That’s the co-owner in the purple hat, enjoying her first sail on her new ship. And how nice to share the day with her pal Leslie!
As a student sailor, Jeanne asked for a job aboard but I countered with asking her to get a feel for the boat on all points of sail without worrying about techniques or traffic. Charlie came to sail (already the Ravenswing veteran co-driver) and RickW sailed aboard for his first time.
The Marin waters provided ideal sailing today – flat seas, lots of boats to catch, breeze to charge upwind at 9kts, and full sunshine. With lots of hands aboard, the owners got to relax and check out various places to sit. Jeanne is the first to sail from the aft swim steps, and it’s a great little spot. With the jib reefed, the clew is up high yielding lots of comfortable foredeck. Compare last week’s photo with this and see we got the excess sail properly tied and zipped in to its cover.
Full main and reefed jib is very comfortable with apparent wind in the teens. So much to learn about trimming this mainsail; here it’s getting better but you’ll see we couldn’t get halyard tension:
If you can zoom in to the top you’ll see SOMEone attached the 2:1 block for the halyard to the wrong spot on the fancy Skateaway Design headboard, so we lost 5″ of upward travel. Fixed that back at the dock afterwards – the day was too nice to stop, douse the sail and redo it underway :)
As we headed for Sausalito I wrestled my tiller away from the guys and spiced things up with a full charge up the channel, way above the motoring speed limit, dodging all forms of watercraft. The crew anxiously called out every boat and paddle board as if I was a blind man, but we kept on to go get a view of Tom Siebel’s Mod70 tri Orion, Sig45 open deck luxury racing cat, and huge Protector with four 300hp outboards. Wow does that guy put millions in to the sailing habit.
So while the super rich have staff to keep their boats expertly tuned, the mere mortals have to solve their own heavy weather helm. This morning we installed the shims on the daggerboard head. Definitely tightened the board in the case, but it didn’t help the rounding up. So now it’s on to making rudder changes. Rick is concerned the trim tab may be to blame, and we’ll get the original rudder painted this week to try on Labor Day. We’ll make a new spacer to push the top of the rudder aft and the bottom forward; the axis point may be wrong. Still a worry to solve this nagging issue.
To cap the day we headed north towards San Quentin in a breeze that did some gusting off the Marin shore. Rick was driving, with his handheld GPS as a speedometer. It’s like a drug, you just want more knots… The water was fairly flat so we cracked off to a reach and hit the gas pedal a bit. 14kts was pretty easy. That’s her new ‘personal best’, and only a reefed jib and baggy main luff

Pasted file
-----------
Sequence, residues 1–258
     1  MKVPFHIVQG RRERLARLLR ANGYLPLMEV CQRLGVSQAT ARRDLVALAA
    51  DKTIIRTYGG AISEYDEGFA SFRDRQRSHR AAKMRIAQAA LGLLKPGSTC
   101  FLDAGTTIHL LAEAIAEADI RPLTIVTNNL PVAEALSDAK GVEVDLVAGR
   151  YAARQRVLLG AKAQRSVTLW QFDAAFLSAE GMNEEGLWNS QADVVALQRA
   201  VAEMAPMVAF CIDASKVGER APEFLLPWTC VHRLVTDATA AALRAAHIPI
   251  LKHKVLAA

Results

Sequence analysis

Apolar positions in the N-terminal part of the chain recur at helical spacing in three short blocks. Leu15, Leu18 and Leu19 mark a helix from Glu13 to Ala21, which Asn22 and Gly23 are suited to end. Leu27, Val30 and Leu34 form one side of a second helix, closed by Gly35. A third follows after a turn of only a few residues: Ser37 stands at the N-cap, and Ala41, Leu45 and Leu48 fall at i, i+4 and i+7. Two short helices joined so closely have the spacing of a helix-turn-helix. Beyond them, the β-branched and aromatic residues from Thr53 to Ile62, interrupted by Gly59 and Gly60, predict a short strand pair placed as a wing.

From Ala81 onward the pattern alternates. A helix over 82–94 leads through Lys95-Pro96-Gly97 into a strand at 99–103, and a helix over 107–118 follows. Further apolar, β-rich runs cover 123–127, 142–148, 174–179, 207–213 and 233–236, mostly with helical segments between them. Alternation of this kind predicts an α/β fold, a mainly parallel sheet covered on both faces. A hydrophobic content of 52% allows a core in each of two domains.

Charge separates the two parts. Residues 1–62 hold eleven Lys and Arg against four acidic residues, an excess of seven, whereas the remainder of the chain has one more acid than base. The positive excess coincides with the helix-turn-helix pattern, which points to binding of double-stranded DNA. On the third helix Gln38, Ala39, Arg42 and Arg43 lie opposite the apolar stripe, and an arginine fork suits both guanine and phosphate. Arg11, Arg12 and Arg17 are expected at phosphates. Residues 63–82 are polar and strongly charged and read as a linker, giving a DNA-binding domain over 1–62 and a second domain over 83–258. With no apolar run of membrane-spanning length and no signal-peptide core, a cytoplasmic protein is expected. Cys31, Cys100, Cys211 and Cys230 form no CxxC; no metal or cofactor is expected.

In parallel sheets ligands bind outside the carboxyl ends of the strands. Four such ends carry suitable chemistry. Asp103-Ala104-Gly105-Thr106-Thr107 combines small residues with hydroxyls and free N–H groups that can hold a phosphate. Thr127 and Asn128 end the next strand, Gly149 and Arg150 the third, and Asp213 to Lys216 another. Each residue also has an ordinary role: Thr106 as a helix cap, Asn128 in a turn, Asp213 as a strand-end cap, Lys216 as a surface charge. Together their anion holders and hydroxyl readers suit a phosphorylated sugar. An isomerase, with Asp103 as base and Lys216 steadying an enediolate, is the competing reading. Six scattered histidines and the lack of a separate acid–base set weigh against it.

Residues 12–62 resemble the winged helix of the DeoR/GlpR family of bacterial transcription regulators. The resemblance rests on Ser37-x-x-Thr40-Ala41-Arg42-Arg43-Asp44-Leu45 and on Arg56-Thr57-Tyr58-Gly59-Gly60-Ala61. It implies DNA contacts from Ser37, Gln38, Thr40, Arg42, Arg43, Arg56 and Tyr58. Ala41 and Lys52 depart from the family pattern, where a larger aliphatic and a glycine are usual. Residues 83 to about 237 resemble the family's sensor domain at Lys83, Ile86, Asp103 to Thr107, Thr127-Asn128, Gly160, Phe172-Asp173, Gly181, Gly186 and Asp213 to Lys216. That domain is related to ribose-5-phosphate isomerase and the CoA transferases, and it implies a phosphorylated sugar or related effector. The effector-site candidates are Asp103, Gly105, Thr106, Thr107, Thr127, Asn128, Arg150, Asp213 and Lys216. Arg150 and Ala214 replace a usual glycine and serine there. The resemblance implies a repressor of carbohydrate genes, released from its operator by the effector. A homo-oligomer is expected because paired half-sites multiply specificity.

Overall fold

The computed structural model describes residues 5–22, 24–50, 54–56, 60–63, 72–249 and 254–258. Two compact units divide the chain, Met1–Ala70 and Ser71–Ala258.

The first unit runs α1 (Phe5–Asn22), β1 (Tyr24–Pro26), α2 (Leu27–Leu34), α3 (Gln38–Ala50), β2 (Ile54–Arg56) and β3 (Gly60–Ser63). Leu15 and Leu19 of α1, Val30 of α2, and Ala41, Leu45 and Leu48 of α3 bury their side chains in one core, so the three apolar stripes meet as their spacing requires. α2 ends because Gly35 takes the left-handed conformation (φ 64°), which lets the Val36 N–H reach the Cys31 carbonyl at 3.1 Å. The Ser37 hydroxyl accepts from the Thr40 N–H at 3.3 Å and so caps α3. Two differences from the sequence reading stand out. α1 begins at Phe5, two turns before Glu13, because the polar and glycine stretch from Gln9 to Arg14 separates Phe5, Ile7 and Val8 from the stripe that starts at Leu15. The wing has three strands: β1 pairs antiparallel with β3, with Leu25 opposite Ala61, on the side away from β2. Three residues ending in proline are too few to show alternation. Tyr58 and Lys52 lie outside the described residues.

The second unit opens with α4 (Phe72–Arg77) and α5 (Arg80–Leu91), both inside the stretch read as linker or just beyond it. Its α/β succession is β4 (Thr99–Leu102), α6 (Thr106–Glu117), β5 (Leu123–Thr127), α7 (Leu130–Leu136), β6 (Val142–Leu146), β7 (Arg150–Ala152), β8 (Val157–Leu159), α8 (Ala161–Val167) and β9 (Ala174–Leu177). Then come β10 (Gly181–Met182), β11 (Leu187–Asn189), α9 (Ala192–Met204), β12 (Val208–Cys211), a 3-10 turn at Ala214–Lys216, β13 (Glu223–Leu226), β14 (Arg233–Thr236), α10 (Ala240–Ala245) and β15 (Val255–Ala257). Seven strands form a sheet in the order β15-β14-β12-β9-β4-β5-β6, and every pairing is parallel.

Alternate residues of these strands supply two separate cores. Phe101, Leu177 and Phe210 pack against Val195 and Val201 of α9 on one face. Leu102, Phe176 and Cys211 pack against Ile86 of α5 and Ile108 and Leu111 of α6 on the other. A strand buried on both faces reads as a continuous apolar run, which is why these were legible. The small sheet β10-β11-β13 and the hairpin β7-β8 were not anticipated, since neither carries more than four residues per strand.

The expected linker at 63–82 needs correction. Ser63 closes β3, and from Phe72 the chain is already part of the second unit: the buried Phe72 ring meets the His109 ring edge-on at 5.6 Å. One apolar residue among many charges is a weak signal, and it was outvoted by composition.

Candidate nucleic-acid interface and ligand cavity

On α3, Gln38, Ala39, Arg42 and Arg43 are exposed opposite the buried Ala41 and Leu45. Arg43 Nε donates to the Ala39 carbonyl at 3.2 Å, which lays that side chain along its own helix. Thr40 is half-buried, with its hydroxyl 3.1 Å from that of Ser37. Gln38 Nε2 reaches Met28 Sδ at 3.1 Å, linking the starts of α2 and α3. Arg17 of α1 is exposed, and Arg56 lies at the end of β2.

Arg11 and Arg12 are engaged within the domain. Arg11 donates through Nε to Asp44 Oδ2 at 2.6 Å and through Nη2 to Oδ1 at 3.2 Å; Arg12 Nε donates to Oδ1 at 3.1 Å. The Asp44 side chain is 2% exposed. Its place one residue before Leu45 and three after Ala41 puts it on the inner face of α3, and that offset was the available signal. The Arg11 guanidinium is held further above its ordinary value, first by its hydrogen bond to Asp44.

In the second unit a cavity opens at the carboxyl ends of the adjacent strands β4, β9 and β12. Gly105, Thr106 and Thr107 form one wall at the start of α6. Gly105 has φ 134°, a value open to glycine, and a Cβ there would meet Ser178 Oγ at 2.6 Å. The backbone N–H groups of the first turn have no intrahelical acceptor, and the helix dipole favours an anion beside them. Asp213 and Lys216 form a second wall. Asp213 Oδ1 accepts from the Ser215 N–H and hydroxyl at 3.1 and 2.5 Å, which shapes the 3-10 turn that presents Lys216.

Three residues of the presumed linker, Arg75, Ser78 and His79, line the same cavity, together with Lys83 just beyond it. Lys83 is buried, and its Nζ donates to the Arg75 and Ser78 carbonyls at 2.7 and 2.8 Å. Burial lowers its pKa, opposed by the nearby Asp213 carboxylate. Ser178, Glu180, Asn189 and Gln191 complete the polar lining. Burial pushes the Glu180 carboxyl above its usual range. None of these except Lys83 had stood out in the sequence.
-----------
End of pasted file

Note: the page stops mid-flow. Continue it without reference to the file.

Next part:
But the best part of the speed run was Jeanne in the cabin enjoying the excitement from a comfortable window-side couch; we’ve come a long way from scary wet rides on the F27.
Tinkerers, let’s hear your thoughts on the noisy dagger. It’s shimmed and it got that slanted trailing edge a few weeks ago. At 14kts it makes a bloody racket. How are we going to quiet this down (without hiring MOD70 Orion’s shore team)?
A sailboat on a day like this in a place like this is hard to beat. Leslie’s getting a big view of the Oakland / SF bridge; it’s your turn readers, just drop us a line.
I’m speechless…which is hard to believe. Wow oh wow! Maybe I could hitch a ride in the cabin with jeanne next time I’m in town. Sounds heavenly.
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Hey Greg, Looking better and better. Weather helm and heavy steering are two different issues. One is the boats tendency to round up due to air/water foil misplacement, the other is resistance to the rudder being turned as a function of high water flow centering effect vs limited turning moment. We had discussed weather helm remedies but it sounds like the problem lies in the rudder design and as Rick suspected,the added area of the trim tab concentrated on the trailing edge sounds like the culprit. Good news is that the fix is simpler than relocating the board/rig. Lose the trim tab and go sailing.
The trim tab was built within the existing footprint of Farrier’s F39 rudder design, so I’m not ready to blame that. Plus it will be a huge setback if the trim tab system doesn’t work – $3,500 invested in the windvane gear and 2nd rudder. Very much hoping here that the angle of rudder rake is the culprit, especially seems to explain a heavy helm. I can live with weather helm, but it’s got to be overall lighter to the touch (especially for an autopilot to be realistic). The topic goes on hold for the week while I paint the ‘plain’ rudder, shorten the tiller, install the extension stick socket, and paint the new tiller receptacle and steerer turning plate. Stay tuned!
Greg, sounds like a fine day to sort things out. I wasn’t sure if you were going..and would have “almost” been able to go…but was busy getting ReGale finished for Thursday departure to San Juans for two weeks with Potters. Then, finally got mechanic down to the Fisher to fix tachometer (again) yesterday before next “buyer” comes Tuesday. At Richmond last week I also had a lot of weather helm….and it turned out to be the rudders were not completely down. The tape marking the correct position fell off…and just the last inch really affected the helm. I’m going to permanently everything, (including the halyards, and the shrouds) so at least I know where the begin before making adjustments to rake and cant of the rig on the water. Since I have no centerboard, I have to tune the helm with sails and rig. Anyway, I hope to get out with you when I get back. How do I find out when you are going out? Also, I have pics for you. Regards, Goose
Goose, I’ll be using these blog posts to announce sail dates. And/or just text me whenever you’re in the mood!